Khalid Abdullah, John Gosden and Frankie Dettori — owner, trainer and jockey — already figured among the great names of racing. After this year’s Qipco-sponsored King George VI and Queen Elizabeth Stakes they were joined in the pantheon by Enable, the astonishing filly who has been the prime focus of their attentions this year. As she stood in the winner’s enclosure, her flanks heaving with the effort but her intelligent eye still flickering around the gathering of racing’s great and good, both she and we had no doubt that we were in the presence of equine greatness. She has huge ability, she has guts and she has presence.
The King George VI and Queen Elizabeth Stakes, the first clash over a mile-and-a-half between the three-year-olds contesting the year’s Classics and their elders, is crucial to racing’s pecking order and although none of this year’s Derby winners in England, Ireland or France had turned up for the contest we knew it promised something special. Up against the flying filly there was Aidan O’Brien’s battle-hardened five-year-old Highland Reel, the accumulator of more than£5 million from races in England, Ireland, France, Hong Kong, the USA and Australia, who won the 2016 King George and this year’s Coronation Cup. Joining Enable from the Gosden yard in Newmarket was Jack Hobbs, winner of the Irish Derby two years ago, and this year’s Sheema Classic in Dubai. Sir Michael Stoute, five times a winning trainer in the King George, was represented by the four-year-old Ulysses, winner of Sandown’s Eclipse Stakes, this year’s first contest of the generations, and to add spice there was the Argentinian-based Sixties Song, the best horse in South America. Enable herself had already won boththe Oaks at Epsom and, just two weeks earlier, the Irish Oaks, both by considerable margins.
On a soaking wet turf, racing in a miserable mist, Enable demonstrated once again that she has that prime quality sought by trainers and breeders everywhere: she loves to race. Both Highland Reel and Jack Hobbs briefly tried to take her on, but early in the straight, with the Irish horses out in the middle of the track looking for slightly better ground, Frankie Dettori gave his filly the signal and she simply exploded away from the field to win by four-and-a-half lengths. At the end only Ulysses had his head down chasing her: it was a performance that reminded one of spectacular King George victories such as those of Montjeu and Daylami.
You can always find a few who argue that the fillies’ allowance and age allowance make it too easy for the girls: the other three-year-old in the race, Benbatl, had to give Enable 3lb and the older horses were another 11lb worse off. But if that does give fillies an unfair advantage, why, in the years since the King George began in 1951, have Park Top, Dahlia, Pawneese, Time Charter, Danedream and Taghrooda been the only others from the distaff side to win it? Enable’s performance was so good that she might well have won the race without any concessions to her sex.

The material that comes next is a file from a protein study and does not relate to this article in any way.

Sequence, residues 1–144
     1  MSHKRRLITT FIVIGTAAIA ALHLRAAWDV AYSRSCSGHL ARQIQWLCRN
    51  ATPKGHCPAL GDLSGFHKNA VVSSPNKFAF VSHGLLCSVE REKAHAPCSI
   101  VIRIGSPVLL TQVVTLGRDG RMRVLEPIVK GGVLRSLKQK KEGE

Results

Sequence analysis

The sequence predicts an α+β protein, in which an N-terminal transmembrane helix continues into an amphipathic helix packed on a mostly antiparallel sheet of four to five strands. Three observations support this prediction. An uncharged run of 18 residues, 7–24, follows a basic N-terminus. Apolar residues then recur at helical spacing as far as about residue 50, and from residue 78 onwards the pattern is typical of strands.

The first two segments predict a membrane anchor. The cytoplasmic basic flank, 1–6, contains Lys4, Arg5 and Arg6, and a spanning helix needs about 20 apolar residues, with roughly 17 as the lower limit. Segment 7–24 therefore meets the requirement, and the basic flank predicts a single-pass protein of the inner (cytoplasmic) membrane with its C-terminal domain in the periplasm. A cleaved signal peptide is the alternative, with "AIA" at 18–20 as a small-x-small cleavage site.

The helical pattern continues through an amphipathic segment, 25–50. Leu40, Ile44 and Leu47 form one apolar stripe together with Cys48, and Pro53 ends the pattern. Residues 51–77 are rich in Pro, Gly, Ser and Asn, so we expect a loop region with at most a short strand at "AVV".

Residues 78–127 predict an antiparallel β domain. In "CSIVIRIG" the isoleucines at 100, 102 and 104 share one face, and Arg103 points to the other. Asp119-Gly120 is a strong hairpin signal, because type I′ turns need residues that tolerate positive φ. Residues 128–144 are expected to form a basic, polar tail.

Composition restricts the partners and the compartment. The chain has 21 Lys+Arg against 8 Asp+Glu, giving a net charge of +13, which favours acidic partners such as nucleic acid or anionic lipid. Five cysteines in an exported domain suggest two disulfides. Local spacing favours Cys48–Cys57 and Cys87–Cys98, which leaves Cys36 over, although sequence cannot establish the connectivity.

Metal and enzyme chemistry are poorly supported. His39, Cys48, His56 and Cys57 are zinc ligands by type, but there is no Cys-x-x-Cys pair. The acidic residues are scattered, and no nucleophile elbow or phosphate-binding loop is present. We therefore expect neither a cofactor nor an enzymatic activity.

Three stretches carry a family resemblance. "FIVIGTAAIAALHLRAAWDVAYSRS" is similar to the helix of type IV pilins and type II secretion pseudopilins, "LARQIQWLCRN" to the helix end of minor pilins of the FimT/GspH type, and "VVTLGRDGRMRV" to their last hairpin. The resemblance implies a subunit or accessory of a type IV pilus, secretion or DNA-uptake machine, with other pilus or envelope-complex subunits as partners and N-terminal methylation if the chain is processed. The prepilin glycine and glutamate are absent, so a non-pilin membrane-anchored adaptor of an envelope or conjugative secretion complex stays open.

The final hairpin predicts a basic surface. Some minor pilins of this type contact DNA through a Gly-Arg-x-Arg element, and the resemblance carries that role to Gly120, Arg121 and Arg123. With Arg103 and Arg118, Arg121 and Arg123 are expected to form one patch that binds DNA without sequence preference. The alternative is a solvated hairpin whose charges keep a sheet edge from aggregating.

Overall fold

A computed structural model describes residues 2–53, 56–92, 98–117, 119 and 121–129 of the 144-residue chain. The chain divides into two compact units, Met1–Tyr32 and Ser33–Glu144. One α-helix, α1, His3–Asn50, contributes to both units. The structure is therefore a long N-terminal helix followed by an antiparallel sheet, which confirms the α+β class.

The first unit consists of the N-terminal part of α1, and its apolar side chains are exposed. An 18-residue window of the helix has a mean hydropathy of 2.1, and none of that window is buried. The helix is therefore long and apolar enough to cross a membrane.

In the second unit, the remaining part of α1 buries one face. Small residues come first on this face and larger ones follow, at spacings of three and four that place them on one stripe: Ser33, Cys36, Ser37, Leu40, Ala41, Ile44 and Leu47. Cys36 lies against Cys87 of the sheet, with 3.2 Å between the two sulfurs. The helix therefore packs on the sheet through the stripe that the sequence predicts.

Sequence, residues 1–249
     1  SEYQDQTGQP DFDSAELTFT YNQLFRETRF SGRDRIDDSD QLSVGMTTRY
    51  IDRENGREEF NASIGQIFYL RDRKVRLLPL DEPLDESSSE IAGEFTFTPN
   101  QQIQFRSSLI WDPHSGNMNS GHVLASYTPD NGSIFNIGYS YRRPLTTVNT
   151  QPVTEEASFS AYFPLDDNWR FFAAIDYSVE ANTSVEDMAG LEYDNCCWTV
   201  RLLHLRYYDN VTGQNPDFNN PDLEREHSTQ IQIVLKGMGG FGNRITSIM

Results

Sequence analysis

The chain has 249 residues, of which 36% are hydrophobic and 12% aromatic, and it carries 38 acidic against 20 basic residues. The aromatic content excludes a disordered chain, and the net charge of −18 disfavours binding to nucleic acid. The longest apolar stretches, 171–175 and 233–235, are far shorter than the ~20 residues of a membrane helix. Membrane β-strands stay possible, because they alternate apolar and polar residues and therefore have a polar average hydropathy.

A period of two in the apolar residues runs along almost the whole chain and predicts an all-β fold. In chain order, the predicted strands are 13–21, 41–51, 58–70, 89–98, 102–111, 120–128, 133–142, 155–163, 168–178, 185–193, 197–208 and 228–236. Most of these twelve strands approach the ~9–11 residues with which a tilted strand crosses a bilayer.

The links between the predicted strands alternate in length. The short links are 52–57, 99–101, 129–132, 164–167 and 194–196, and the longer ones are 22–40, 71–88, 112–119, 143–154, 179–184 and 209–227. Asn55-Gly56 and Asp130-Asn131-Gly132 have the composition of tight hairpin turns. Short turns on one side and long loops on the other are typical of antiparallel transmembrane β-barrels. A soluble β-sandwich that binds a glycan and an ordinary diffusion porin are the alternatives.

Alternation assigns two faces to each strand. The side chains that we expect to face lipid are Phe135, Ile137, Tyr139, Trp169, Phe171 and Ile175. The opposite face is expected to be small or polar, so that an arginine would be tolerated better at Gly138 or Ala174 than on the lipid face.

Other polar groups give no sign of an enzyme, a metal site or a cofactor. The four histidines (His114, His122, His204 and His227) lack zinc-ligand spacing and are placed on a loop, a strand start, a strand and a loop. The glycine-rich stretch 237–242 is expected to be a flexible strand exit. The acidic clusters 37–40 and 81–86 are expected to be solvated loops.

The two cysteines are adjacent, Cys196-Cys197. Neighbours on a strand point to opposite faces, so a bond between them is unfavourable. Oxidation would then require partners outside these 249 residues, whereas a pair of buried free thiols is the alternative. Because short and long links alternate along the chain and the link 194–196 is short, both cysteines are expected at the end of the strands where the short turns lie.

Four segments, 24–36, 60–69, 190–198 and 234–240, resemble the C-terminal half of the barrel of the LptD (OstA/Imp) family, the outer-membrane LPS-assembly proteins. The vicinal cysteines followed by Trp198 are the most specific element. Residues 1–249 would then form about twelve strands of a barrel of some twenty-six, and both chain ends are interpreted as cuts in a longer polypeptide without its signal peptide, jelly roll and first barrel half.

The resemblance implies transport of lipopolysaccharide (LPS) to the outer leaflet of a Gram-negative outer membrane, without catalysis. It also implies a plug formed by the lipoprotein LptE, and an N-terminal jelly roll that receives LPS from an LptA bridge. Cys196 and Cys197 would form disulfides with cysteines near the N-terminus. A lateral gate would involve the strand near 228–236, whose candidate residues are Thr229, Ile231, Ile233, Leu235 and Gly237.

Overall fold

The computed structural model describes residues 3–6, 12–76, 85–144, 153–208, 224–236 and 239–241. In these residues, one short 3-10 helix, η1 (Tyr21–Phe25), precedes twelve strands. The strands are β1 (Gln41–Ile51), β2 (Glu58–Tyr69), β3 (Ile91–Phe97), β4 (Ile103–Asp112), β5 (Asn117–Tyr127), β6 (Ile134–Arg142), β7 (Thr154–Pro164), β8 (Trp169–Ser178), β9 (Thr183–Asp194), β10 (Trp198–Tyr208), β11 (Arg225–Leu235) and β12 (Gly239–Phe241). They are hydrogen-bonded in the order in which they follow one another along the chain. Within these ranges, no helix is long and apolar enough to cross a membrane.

It wasn’t only her performance, though, that was outstanding. Frankie Dettori took a bold course in committing so early on even though he knew his filly stayed. He didn’t want to keep her back and get caught in a scrimmage at the end, but it takes a lot of courage to stay three furlongs out in front in such dire conditions: if she had been caught by a late sprint, the critics would have been merciless. Getting down to her allotted weight of 8st 7lb was another trial for Frankie. He had to lose 7lb in six days from an already spare frame, living, as he told us, on fish and water. Not only that but he has spent a month restoring himself to fitness after fracturing a shoulder.Fortunately, he didn’t let that and the slippery turf deny the crowd his trademark flying dismount.
He may have that joyous Mediterranean temperament but Frankie is so much more than our sport’s national showman. As John Gosden said of Enable’s 46-year-old pilot: ‘He has killed himself to do this weight. His hunger and passion for the game are undimmed and I find that quite remarkable.’ Nor should we fail to recognise the sagacity and skill of Enable’s trainer: John Gosden, who loves the clash of the generations, has now trained the winner of the King George three times in seven years, the other two victors being the filly Taghrooda and Enable’s sire Nathaniel. Bringing out a filly to win two Classics and the King George in a matter of weeks is a formidable feat, whatever her talent. All being well, Enable will next appear in this month’s Yorkshire Oaks before contesting the Prix de l’Arc de Triomphe in Parisfor which she is already the 2–1 favourite: start booking your hotel rooms now because it may be a while before we see her like again.
Subscribe to The Spectator today for a quality of argument not found in any other publication. Get more Spectator for less – just £12 for 12 issues.